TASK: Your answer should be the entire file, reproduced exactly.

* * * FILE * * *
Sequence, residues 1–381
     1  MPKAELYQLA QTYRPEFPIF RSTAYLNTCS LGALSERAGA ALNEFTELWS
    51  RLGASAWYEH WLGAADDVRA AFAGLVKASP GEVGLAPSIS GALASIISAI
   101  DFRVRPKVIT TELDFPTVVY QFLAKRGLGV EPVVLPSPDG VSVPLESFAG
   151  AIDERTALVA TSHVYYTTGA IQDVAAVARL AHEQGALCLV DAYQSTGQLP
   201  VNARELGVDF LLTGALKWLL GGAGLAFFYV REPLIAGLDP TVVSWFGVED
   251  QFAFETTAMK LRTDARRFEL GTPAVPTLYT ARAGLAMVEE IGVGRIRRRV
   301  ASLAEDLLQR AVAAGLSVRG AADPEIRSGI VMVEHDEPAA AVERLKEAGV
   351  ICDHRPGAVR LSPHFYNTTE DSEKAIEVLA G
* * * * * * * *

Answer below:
Sequence, residues 1–381
     1  MPKAELYQLA QTYRPEFPIF RSTAYLNTCS LGALSERAGA ALNEFTELWS
    51  RLGASAWYEH WLGAADDVRA AFAGLVKASP GEVGLAPSIS GALASIISAI
   101  DFRVRPKVIT TELDFPTVVY QFLAKRGLGV EPVVLPSPDG VSVPLESFAG
   151  AIDERTALVA TSHVYYTTGA IQDVAAVARL AHEQGALCLV DAYQSTGQLP
   201  VNARELGVDF LLTGALKWLL GGAGLAFFYV REPLIAGLDP TVVSWFGVED
   251  QFAFETTAMK LRTDARRFEL GTPAVPTLYT ARAGLAMVEE IGVGRIRRRV
   301  ASLAEDLLQR AVAAGLSVRG AADPEIRSGI VMVEHDEPAA AVERLKEAGV
   351  ICDHRPGAVR LSPHFYNTTE DSEKAIEVLA G